In 2014, Zuniga Shaw published a companion book Synchronous Objects: Degrees of Unison. In it, she writes, “This just happens to be dance, it could be mathematics, it could be architecture, it could be the movement of pedestrians on the city streets or the patterns in the tree canopies above our heads. What else might this dance look like? A storm of themes, a cacophony of difference, a polyphony of relationships, systems of organization, degrees of unison, patterns emerging and receding, isometries, fleeting forms of agreement.”

Since its 2009 launch at the Wexner Center for the Arts, the Synchronous Objects project has toured as a hybrid exhibition/workshop/lecture event to numerous sites in Europe and Asia with producing support from the Goethe Institute.

Norah VergeReduxDemo_BebeNotes-1024x576

Norah Redux_interactiveLemons-1024x576


Zuniga Shaw is currently collaborating with Maria Palazzi and choreographers Bebe Miller and Thomas Hauert on a project called Motion Bank: TWO. The two choreographers work separately, yet both use improvisation and engage directly with the nature of human consciousness and how the dancers work with their habits, tendencies, impulses and memories in action. In isolating their working strategies, Zuniga Shaw and her collaborators bring the viewer into a direct encounter with the dancing mind and the thinking body—hence, the term “physical thinking.”

So, it’s possible to do more than just wonder what your thoughts look like. Simply develop a physical manifestation of whatever you’re thinking of and then tease out the visual counterpoint. Simple…or complicated. Either way, it’s an extraordinary exercise that can take you into much deeper thinking and awareness.

Rashmi Nemade is principal at BioMedText, Inc.

Photo credits for Synchronous Objects and Motion Bank:Two: The Ohio State University and The Forsythe Company



Events, TEDxColumbus

Central Ohio TEDx community small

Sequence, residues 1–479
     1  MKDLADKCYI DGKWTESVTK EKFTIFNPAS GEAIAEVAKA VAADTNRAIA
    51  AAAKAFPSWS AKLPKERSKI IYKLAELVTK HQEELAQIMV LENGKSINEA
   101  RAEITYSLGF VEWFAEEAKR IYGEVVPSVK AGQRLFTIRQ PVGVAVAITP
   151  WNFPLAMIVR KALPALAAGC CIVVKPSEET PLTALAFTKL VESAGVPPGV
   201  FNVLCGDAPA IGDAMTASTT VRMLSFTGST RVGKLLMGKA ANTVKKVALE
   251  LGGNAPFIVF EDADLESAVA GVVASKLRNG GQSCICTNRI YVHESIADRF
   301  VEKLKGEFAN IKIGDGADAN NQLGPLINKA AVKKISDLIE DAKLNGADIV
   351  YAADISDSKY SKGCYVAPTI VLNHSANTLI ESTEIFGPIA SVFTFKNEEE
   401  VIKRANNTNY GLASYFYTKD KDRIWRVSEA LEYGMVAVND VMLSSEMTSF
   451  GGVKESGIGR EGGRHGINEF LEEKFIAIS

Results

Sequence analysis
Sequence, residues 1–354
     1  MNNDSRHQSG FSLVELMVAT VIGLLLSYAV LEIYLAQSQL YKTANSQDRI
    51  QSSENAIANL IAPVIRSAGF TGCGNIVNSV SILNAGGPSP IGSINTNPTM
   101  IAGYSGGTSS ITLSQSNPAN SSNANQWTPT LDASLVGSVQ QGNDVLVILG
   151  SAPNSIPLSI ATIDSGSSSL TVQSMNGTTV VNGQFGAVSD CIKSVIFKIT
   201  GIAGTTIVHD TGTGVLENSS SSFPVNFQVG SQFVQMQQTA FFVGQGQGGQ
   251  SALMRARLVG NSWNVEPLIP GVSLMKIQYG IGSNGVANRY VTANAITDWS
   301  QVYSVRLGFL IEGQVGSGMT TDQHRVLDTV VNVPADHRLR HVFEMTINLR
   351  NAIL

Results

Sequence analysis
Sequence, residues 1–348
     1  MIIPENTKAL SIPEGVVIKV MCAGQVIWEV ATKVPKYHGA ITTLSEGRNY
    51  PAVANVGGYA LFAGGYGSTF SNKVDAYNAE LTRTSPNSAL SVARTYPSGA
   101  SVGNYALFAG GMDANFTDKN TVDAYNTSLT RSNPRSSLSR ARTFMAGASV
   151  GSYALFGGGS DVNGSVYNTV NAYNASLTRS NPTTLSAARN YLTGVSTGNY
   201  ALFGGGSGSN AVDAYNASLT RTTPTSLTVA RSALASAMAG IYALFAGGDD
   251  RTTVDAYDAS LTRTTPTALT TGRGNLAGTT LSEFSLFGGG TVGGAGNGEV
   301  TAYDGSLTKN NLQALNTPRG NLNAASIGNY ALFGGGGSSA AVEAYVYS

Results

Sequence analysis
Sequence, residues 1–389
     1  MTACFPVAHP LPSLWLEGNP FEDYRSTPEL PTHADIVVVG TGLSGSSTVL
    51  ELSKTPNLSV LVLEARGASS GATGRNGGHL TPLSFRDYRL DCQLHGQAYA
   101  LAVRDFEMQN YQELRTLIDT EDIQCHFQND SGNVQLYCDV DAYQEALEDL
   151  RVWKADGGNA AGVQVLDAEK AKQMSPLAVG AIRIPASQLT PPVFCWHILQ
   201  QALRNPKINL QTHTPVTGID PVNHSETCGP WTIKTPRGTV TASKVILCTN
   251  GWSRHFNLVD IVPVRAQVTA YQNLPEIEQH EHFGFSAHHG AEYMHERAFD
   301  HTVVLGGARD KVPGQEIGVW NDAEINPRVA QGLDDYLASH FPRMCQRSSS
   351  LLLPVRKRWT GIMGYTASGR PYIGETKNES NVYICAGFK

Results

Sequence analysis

Did you know that there are 10 active TEDx events in our community? Eight are represented in the above picture from our first-ever Central Ohio curatorial team gathering. We are thrilled to support these and other TED-like initiatives in town, helping to connect more people to each other and to ideas worth spreading. For the first-time, we’re publishing (and updating) a comprehensive list of all the TEDx events around Ohio, particularly those in Central Ohio.

Note that we are quickly approaching the TED conference viewing events. And, we’ve set the date for TEDxColumbus 2016 for Friday, November 4th, so mark your calendars! Nominations for speakers will open in April. We’ll keep everyone updated through our digital channels.

The 2016 guide to TEDx events in Ohio

Monday, February 15, 2016
TED Opening Session
TED is broadcasting live its opening conference session to cinemas across the country. In Columbus, you can take in this event at one of 6 theaters: Easton, Lennox, Polaris,Crosswoods, Stoneridge, Pickerington or Georgesville. Find details and purchase tickets ($12.50) here.   


Wednesday, February 17, 2016
1pm – 5pm
Official local viewing site for several speaker sessions of of the 2016 TED Conference at Westminister Thurber, 645 Neil  Avenue (Learning Center). No registration required. Come as you are!


Saturday, February 27, 2016
1pm – 5pm
This limited seating, first-time event at the McConnell Arts Center is organized by Worthington Educators.


Saturday, March 5, 2016
11am – 6pm
$15 – $30
This 5th Annual event driven by a large team of OSU students attracts nearly 1,500 attendees to Mershon Auditorium / Wexner Center and features faculty, staff, students and alums of OSU as speakers and performers.


April 2, 2016
$25/ Adults; $15/Students
A third-year event organized by students at New Albany High School at the McCoy Center for the Arts.


Thursday, May 19, 2016
(Elementary with Cols City Schools)
Columbus Museum of Art
Curriculum based event for 3rd-6th graders in CCS


Friday, May 20, 2016
Details TBA


Thursday, June 16, 2016
Details TBA


Wednesday, June 22, 2016
4 – 8pm
Whitehall City Schools / City of Whitehall


(anticipated, not yet announced)


(anticipated, not yet announced )


Fall (TBA)
Email if you’d like to be notified of the event details.


November 4, 2016
Capitol Theatre, Riffe Center
Tickets will go on sale in September. Speaker nominations open in April.